This shift is driven by Baku’s desire to strengthen its relations with Tel Aviv, especially after the latter’s successful diplomatic initiatives in the region. Meetings and negotiations between top officials have been constant since 1995, solidifying political cooperation.

The visits in Azerbaijan of Israeli Minister of Defence Benny Gantz in October 2022 and ISraeli Minister of Foreign Affairs Eli Cohen in April 2023 have reinvigorated Azerbaijani-Israeli relations and set the course for a new phase of cooperation, focusing particularly on security and defence collaboration.

Economic relations have flourished, with trade volume increasing significantly in recent years, reaching $1.7 billion in 2022. Energy cooperation is a cornerstone, with Israel importing 40% of its oil from Azerbaijan. Agriculture, water management, and technology exchange are also key facets of economic collaboration, particularly given Tel Avivi’s expertise in water management.

Both nations have found common ground in technology and cybersecurity. Azerbaijan established a Cybersecurity Centre in collaboration with Israel’s Technion Institute to train specialists. This initiative seeks to enhance national cybersecurity capabilities.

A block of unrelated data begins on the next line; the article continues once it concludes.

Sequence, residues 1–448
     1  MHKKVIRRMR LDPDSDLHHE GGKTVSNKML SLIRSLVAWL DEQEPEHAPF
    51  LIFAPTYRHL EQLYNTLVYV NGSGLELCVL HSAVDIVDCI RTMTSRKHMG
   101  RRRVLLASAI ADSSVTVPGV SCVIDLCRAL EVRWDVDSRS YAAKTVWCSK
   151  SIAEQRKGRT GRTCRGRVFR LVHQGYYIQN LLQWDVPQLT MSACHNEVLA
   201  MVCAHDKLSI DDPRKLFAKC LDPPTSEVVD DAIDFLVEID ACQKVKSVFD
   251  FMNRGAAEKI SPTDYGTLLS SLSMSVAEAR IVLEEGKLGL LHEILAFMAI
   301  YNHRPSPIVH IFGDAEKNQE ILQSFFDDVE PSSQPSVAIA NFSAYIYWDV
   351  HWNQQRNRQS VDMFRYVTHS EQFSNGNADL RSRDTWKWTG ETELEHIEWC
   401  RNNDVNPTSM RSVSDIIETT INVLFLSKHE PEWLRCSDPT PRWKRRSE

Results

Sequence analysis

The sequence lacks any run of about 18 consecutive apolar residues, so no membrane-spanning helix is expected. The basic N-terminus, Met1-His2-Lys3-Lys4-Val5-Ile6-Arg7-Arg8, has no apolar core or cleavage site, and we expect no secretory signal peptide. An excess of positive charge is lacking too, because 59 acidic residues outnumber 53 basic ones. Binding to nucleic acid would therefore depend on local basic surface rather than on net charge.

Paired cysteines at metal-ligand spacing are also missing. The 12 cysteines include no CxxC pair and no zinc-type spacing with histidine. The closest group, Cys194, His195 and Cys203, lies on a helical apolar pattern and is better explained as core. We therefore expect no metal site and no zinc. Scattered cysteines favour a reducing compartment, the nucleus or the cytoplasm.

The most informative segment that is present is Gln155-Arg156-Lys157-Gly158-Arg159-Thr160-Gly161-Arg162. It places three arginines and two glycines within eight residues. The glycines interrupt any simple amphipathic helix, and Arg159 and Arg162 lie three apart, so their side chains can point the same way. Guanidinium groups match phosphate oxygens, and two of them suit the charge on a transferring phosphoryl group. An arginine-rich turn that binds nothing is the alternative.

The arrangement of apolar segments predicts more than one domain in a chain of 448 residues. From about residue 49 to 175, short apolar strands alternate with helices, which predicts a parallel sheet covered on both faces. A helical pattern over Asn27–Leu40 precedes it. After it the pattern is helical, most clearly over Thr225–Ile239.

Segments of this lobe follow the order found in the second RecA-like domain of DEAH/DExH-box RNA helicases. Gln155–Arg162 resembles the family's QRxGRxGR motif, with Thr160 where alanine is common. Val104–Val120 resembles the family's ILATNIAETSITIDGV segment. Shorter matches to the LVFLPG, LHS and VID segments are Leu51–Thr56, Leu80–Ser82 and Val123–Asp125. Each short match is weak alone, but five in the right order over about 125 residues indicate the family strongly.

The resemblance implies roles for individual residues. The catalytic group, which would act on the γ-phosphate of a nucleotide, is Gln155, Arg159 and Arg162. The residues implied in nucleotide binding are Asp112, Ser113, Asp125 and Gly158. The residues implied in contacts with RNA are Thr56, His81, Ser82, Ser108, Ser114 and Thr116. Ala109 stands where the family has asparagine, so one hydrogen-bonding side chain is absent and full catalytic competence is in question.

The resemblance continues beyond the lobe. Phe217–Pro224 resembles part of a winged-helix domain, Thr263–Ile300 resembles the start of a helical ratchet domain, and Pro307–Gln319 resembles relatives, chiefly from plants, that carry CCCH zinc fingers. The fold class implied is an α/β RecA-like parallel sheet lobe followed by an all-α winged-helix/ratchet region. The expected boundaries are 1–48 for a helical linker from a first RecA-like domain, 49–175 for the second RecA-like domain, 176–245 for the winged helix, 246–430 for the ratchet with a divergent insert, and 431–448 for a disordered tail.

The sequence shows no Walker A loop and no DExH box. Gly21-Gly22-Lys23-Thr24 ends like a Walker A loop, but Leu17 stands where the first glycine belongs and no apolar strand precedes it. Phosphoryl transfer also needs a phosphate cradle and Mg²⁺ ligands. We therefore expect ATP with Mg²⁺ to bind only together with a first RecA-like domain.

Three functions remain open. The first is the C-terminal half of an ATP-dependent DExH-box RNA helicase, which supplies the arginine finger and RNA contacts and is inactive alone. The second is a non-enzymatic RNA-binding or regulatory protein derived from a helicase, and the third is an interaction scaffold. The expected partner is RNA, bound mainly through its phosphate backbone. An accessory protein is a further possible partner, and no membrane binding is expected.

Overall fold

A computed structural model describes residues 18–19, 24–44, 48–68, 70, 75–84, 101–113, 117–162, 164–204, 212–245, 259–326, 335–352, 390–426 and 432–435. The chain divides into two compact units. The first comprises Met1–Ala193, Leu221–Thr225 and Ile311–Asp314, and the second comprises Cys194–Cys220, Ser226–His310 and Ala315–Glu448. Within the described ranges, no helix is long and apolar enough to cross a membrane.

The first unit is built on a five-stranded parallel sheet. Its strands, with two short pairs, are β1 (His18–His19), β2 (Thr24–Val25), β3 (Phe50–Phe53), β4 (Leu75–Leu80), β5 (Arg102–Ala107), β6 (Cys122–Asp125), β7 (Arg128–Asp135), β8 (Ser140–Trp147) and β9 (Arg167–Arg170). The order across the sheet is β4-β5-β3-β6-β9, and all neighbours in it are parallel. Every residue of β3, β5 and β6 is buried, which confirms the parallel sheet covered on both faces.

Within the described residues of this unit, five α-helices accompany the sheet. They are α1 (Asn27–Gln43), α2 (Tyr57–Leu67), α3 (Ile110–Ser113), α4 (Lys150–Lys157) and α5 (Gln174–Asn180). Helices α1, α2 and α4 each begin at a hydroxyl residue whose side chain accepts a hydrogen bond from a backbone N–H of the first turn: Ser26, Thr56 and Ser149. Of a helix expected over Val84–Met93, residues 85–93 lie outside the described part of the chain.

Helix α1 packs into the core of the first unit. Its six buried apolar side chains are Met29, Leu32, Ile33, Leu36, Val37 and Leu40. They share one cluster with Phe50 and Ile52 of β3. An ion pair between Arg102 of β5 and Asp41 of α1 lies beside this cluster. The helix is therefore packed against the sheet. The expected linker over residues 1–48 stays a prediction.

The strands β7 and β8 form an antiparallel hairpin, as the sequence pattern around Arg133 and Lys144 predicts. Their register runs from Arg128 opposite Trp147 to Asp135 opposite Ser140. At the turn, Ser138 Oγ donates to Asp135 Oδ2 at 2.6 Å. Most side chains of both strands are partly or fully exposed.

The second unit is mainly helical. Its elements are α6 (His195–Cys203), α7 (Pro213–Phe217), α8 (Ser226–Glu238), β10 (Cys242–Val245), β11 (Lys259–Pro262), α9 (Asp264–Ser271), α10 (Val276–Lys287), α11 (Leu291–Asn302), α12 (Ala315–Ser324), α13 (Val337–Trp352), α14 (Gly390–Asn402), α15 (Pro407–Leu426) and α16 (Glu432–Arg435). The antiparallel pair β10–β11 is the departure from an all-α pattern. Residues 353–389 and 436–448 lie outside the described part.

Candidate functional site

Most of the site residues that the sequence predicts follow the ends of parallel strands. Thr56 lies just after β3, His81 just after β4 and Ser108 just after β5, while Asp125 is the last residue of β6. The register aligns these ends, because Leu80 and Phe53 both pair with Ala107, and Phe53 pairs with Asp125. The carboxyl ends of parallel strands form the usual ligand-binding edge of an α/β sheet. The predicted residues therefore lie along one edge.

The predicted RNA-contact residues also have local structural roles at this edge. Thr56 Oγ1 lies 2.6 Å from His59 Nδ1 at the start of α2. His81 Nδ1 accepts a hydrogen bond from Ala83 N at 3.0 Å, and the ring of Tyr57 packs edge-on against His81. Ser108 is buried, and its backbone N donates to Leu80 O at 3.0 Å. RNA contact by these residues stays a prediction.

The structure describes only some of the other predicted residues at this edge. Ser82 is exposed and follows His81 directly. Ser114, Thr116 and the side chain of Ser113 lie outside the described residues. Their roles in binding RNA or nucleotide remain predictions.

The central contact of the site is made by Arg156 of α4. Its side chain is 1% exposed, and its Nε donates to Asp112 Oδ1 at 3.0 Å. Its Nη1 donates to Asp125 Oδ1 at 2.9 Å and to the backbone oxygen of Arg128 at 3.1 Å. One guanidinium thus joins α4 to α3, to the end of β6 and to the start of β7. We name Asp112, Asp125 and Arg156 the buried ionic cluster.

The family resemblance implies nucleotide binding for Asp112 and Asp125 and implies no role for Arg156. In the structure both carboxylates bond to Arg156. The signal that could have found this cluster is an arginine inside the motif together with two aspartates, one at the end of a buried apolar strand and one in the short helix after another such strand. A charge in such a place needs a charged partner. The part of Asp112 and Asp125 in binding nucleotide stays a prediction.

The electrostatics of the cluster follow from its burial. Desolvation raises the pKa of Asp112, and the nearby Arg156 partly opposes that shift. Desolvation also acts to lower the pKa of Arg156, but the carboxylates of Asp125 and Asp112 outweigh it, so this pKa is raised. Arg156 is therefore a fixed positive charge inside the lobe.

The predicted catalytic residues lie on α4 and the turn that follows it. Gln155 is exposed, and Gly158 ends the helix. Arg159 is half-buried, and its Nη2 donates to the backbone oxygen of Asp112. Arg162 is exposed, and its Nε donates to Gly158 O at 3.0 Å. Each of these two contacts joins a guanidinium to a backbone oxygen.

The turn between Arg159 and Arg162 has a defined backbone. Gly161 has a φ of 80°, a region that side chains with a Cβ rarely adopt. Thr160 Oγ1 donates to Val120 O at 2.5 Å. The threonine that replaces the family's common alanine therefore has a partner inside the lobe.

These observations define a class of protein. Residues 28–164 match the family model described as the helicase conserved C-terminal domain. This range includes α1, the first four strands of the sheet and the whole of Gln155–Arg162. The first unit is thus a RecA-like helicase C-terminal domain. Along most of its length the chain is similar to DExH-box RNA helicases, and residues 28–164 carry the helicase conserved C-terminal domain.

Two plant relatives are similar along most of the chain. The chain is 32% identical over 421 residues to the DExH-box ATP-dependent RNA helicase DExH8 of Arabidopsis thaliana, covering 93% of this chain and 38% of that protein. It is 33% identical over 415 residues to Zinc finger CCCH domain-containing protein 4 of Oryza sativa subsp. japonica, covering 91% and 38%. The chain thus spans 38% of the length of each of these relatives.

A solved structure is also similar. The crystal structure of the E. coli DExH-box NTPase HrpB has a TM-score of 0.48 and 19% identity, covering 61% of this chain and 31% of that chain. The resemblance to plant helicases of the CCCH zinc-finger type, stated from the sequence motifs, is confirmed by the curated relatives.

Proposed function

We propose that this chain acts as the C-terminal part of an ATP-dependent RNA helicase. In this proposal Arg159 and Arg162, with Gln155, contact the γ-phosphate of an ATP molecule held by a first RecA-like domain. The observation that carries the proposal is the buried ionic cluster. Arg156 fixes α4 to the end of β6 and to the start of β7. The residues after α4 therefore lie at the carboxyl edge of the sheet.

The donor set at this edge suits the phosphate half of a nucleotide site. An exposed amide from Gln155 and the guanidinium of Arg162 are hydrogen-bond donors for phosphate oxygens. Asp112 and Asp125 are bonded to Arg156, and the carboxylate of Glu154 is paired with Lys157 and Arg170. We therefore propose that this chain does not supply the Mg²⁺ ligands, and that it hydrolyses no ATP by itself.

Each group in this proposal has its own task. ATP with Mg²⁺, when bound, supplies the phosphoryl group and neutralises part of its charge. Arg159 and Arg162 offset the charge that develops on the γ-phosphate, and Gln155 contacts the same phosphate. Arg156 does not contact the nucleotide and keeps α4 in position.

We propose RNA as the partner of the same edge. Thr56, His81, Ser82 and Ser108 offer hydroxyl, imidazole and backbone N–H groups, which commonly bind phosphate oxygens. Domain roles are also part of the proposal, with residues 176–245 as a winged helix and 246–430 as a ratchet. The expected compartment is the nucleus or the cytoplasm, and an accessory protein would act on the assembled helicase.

Military-technical cooperation has a history dating back to 2004, marked by the provision of Israeli arms. This relationship has evolved, with Tel Aviv playing a significant role in Baku’s defence capabilities. UAVs, radar systems, anti-aircraft missile systems, and naval vessels are among the military assets Azerbaijan has acquired from Israel.

The relationship between the two countries is influenced by the regional dynamics, particularly the role of the Islamic Republic of Iran. Tehran views Tel Aviv as a primary adversary, making Baku’s close ties with Israel a subject of attention. However, Tehran’s response to Azerbaijan-Israel cooperation has been relatively quiet in recent times, reflecting its broader foreign policy interests.